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3 Big Things Today, December 8, 2021

Soybeans Plunge Overnight; Ag Groups Generally Pleased With EPA Proposal.

1. Soybeans Drop in Overnight Trading

Soybean futures plunged overnight ahead of tomorrow’s World Agricultural Supply and Demand Estimates (WASDE) report from the U.S. Department of Agriculture and amid signs of improving crop conditions in South America.

The USDA is expected to raise its domestic and global ending stocks estimates in tomorrow’s report, according to a survey from Reuters.

Soybean stockpiles likely will be pegged at 352 million bushels by the USDA tomorrow, which would be up from the November outlook for 340 million bushels.

Global inventories will be seen at 104.1 million metric tons, up from 103.8 million a month earlier, the survey said.

Corn inventories in the U.S. will probably be forecast at 1.487 billion bushels, down slightly from last month’s outlook for 1.493 billion bushels. Global stocks are pegged at 304.5 million metric tons, up from 304.4 million tons in November.

Traders also are looking at improving weather conditions in parts of South America. 

Wetter weather models show reduced risk for parts of Brazil, and rains will favor northern areas this weekend, Commodity Weather Group said in a report. 

Recent rains in eastern Argentina will keep moisture levels up even amid a “modest” rain deficit in the next couple of weeks, the forecaster said. 

Still, 25% to 30% of soybeans and corn in Brazil and Paraguay are under stress, and while some areas may see temporary relief, major producing state Rio Grande do Sul likely will miss out on any precipitation, CWG said. 

Soybean futures for November delivery dropped 10¾¢ to $12.39½ a bushel overnight on the Chicago Board of Trade. Soymeal lost $2 to $347.70 a short ton, while soy oil fell 1.59¢ to 55.51¢ a pound.

Corn futures for December delivery were down 1¼¢ to $5.84¾ a bushel.

Wheat futures for December delivery lost 6¾¢ to $8.01¾ a bushel, while Kansas City futures declined 7¢ to $8.20½ a bushel.

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2. Ag Groups Mostly Approve of EPA Proposal, Retroactive Reduction Raises Ire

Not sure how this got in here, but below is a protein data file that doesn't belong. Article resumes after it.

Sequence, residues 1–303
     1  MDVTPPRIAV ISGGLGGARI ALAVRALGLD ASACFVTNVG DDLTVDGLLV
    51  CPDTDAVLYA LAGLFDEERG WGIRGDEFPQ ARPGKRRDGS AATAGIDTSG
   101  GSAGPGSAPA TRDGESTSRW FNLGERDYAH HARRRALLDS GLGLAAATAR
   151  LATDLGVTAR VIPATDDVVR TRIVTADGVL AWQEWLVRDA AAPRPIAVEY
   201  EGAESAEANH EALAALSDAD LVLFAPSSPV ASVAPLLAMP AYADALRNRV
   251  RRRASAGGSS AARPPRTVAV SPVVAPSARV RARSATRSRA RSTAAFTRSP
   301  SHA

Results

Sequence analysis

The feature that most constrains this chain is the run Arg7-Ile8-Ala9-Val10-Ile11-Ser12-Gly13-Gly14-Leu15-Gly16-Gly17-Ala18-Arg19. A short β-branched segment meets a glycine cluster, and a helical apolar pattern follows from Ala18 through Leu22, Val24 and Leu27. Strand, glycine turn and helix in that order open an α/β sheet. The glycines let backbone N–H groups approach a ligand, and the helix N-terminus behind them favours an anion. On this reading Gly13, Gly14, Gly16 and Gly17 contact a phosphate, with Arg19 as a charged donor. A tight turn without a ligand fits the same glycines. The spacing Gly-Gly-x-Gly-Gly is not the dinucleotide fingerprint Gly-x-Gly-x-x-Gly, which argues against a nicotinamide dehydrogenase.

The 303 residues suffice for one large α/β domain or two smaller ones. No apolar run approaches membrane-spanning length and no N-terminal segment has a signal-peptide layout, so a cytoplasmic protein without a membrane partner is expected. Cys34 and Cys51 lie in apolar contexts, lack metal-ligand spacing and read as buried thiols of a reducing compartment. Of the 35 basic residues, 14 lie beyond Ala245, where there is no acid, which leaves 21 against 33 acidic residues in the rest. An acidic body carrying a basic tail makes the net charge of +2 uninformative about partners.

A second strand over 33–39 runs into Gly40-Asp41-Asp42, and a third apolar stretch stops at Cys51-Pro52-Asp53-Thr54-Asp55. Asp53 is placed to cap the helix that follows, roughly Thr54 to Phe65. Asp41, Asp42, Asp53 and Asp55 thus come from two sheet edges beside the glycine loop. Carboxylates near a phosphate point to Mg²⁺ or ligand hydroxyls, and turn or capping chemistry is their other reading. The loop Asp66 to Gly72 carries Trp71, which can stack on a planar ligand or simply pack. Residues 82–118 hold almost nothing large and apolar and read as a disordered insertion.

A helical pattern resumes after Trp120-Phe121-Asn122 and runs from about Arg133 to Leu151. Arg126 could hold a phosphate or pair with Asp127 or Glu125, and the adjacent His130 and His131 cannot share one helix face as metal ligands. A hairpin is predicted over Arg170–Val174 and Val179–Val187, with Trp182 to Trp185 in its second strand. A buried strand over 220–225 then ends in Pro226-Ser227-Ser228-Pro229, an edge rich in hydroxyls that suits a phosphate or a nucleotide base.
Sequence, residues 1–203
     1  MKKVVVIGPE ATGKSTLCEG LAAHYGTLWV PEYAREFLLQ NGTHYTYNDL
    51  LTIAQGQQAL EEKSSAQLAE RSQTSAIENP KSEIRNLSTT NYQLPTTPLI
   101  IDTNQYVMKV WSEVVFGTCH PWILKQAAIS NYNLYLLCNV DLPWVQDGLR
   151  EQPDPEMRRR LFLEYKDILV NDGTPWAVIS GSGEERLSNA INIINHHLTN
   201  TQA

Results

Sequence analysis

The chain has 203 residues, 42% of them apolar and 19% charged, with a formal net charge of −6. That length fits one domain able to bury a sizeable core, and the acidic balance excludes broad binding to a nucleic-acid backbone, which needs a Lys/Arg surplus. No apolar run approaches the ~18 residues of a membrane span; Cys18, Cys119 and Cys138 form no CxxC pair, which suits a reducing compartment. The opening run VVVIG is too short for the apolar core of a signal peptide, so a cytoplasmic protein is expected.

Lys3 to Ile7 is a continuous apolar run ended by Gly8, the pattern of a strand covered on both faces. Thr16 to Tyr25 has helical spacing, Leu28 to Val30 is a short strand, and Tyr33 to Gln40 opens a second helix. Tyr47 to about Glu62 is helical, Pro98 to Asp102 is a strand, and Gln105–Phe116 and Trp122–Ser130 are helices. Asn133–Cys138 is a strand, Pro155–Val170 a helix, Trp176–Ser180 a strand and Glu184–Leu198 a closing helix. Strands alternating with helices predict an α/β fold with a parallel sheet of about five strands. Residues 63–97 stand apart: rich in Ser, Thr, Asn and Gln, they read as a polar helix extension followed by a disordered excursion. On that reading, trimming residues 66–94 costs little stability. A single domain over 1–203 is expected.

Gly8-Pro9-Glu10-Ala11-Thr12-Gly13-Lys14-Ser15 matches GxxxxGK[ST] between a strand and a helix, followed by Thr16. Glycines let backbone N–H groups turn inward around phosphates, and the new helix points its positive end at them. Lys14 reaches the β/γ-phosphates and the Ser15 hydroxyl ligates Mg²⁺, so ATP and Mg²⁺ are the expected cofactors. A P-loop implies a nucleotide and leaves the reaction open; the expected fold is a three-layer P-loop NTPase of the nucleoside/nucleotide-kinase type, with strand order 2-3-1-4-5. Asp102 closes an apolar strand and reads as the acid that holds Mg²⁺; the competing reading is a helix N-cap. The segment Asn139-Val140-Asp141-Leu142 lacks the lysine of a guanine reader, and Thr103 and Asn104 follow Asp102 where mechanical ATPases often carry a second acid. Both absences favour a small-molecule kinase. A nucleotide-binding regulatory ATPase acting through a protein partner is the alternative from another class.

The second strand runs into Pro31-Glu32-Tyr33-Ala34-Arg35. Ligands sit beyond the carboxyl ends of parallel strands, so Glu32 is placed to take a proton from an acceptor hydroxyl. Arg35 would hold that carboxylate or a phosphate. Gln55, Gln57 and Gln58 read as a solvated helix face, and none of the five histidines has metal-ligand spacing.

Farm and ethanol groups are mostly positive on the Environmental Protection Agency (EPA) proposed increasing biofuel blending volumes in 2022.

The EPA yesterday suggested raising the blending mandate to 20.77 billion gallons next year, up from 18.52 billion this year, according to a statement from the agency.

For 2022, that would imply an ethanol volume of 15 billion gallons.

All 65 pending applications from small refiners that would exempt them from having to follow the renewable fuels standards (RFS) will be denied under the proposal, a response to a court case brought by the Renewable Fuels Association in 2020, which narrowed instances when the EPA can grant such waivers.

“Denying pending refinery exemption petitions and restoring gallons improperly waived in the past are important steps toward restoring RFS integrity,” National Corn Growers Association President Chris Edgington said in a statement. “These actions help move renewable fuels forward.”

Renewable Fuels Association Chief Executive Geoff Cooper said in a statement that the organization is “extremely pleased to see the Agency shutting the floodgates on these destructive waivers.”

The Iowa Soybean Association and Iowa Biodiesel Board said they welcomed the news that biofuel volumes were raised.

“Overall, we are pleased with the EPA’s proposal, which provides growth for advanced biofuels like biodiesel in 2022,” the groups said in a statement. “We are also optimistic this proposal will finally shut the door on the past abuse of small refinery exemptions, which came at the expense of the biofuels industry.”

Still, not everything in the proposal was acceptable.

The EPA proposal retroactively sets renewable fuels volumes at 17.13 billion gallons for 2020, down from the previous rule for 20.09 billion gallons, which was set before the pandemic.

The Renewable Fuels Association said while it was pleased with the intended requirement for 2022, retroactively lowering the blending requirement may not be legal.

“We don’t believe a retroactive reduction of this nature is legally permissible,” Cooper said. “The 2020 volumes were finalized nearly two years ago. Revising them now would undermine investment, create uncertainty, and go against EPA’s long-standing position that it does not have the authority to change RVOs once they are finalized.”

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3. Winter Weather Forecast For Parts of Nebraska, Iowa

Winter weather is headed for parts of northern Nebraska and Iowa starting tomorrow as storm watches have been issued, according to the National Weather Service.

As much as 6 inches of snow – possibly more – is forecast in a narrow band that stretches from the Nebraska panhandle, through northern Iowa, and into western Wisconsin, NWS maps show.

In northeastern Nebraska and northwestern Iowa, travel could become very difficult.

“Patchy blowing snow could significantly reduce visibility,” the NWS said.

In the Southern Plains, meanwhile, fire weather conditions are expected today and tonight.

Strong winds and low humidity will create extremely dry conditions in the Texas and Oklahoma panhandles, the agency said.

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